-- Judith Alexander Brice: CORONA’S JAWS- Week 1 Yesterday he prowled across the front yard— white, reverse-raccoon face— black eyes peering through the tailored ivy, skinny tail sweeping back and forth and legs quick- skittering across the grass, as if to glance, to search for minutes of food, perhaps even rest— like that time when his uncle sashayed along our drive, ‘til Zorba’s canine jaws made short shrift of this thing that so resembled a squeaky toy he couldn’t help it, couldn’t resist the shaking, the grabbing, ‘til this strange thing went loose, went silent in his mouth— then limp, went dead ‘til I ambled out to dispose of the helpless soul in a refuse bag and found he’d walked away, played possum in his baby rose slippers, guided by the scents coming in to his tiny pink nose— and led by his sense of life, his instinct for tomorrow. The beveled windows of our sun-room refract a prism of sunlight today, yesterday as well. We look out at the manicured garden which our silent possum left behind, and wonder when the jaws of COVID might grab us, shake us. Which of us will rise again, amble away? And will a rainbow of colors be there to greet us, steady us on our way? -- Judith Alexander Brice: CORONA— Week 2 You are so much bigger than I and yet you cower, even wince when my name is whispered. You run and shy away as you think of me, my crown. Though why? I am so lovely, I say, all blue and pink— dainty, tiny. I wear my power softly, shed it in silence from face to arm, from breath to sleeve to lip and back to lung as I dance invisible from tiny drop to vest your shroud a desperate peace. You can’t hide, never run away. Forget your fears I say. Just seize the moment with its sway, its solitude and quiet I have offered, as you await my victims, my death that will surely come in time. And watch, pause these days, their weeks of change, the merge of winter into spring, grasp the gold of forsythia, its turn to lilac, a scent of summer sure to come.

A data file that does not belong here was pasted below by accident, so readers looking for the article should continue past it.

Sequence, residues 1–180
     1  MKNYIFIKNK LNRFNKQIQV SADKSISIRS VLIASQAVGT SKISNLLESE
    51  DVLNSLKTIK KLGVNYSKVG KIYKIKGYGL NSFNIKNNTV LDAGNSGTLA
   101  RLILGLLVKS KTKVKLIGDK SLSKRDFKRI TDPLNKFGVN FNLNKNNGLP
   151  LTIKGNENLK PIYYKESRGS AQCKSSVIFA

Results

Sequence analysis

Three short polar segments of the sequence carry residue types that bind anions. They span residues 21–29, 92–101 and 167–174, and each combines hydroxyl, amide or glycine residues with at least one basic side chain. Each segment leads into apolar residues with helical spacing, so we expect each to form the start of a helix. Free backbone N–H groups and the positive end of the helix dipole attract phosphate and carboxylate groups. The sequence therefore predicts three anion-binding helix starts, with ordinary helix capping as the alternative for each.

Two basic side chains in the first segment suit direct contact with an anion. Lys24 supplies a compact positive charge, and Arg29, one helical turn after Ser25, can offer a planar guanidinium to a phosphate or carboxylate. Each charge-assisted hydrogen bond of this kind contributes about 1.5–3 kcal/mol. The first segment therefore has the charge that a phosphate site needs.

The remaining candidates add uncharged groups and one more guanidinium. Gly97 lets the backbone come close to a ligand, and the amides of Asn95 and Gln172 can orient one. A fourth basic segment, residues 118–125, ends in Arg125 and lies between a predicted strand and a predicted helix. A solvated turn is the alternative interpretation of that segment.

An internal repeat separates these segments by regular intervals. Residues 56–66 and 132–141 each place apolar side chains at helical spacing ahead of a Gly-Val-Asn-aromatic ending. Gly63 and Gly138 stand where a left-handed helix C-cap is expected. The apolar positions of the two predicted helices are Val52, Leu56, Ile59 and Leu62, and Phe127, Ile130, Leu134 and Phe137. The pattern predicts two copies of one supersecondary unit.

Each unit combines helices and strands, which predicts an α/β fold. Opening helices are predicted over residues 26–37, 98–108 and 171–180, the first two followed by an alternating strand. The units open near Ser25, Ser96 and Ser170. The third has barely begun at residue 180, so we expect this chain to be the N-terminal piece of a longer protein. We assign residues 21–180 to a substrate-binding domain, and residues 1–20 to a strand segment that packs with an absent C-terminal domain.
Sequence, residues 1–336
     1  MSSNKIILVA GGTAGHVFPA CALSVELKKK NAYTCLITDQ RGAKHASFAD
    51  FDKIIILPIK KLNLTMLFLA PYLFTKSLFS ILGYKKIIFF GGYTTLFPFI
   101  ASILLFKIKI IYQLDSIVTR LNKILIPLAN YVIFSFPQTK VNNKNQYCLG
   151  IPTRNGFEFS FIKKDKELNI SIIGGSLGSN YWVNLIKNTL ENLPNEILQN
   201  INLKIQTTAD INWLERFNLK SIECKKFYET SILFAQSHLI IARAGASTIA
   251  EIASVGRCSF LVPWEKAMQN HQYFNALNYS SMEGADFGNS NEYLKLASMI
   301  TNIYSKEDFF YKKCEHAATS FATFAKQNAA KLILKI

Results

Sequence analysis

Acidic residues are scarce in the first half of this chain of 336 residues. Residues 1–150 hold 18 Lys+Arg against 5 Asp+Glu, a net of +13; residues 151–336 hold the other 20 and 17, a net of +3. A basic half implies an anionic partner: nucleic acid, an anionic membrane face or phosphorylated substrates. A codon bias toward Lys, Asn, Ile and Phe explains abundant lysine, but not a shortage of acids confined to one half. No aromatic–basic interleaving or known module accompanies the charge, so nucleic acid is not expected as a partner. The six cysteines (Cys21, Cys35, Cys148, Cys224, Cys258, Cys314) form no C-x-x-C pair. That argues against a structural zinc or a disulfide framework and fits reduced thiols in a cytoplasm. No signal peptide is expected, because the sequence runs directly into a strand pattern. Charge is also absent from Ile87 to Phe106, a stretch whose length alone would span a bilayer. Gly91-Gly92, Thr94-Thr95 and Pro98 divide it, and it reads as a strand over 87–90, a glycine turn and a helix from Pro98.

Sydney Lea: Balloon and Flowers
–for Goran Simic I dropped into sleep while reading a book of poems by the Bosnian friend I write for here. They’re brilliant, full of red flowers and graves and wrenching accounts of his homeland during the 90s. They lend some perspective on our COVID-19 scourge, which I don’t mean to downplay, much less to discount the unforgivable part in worsening it of our leader, jackass and villain. Goran’s a Serb, and his wife was a Muslim woman: during the troubles, he really had nowhere to turn. His poetry makes my guts knot; it’s not a sort you’d think of as soporific, but being so anxious for three generations of family has made me restless almost each night, and so of course I was tired. I’d been sitting in my wife’s dear grandfather’s rocker, handsome but sternly wooden. I still nodded off, and when I came to, I noticed that I had drooled on my shirtfront, like any old fool might do; and yet the sun of afternoon through the kitchen window turned even the spot of spittle to something lovely. Unlikely enough, and the next things to snare my attention were a once-vivid mum in a glass and a reddish balloon left from my wondrous partner’s 64th birthday, back before we knew what the world was in for– although that contemptible leader had been forewarned. Our grand children’s eyes turned bright as my wife blew out candles, the smaller kids batting balloons like that one up into air… All that before some weeks unraveled and people got sick and some died and that balloon and that flower, sole survivors, puckered and shrank to half their old sizes and somehow looked so sad that I went back– it makes no sense, I know– to those agonizing poems of plunder and murder.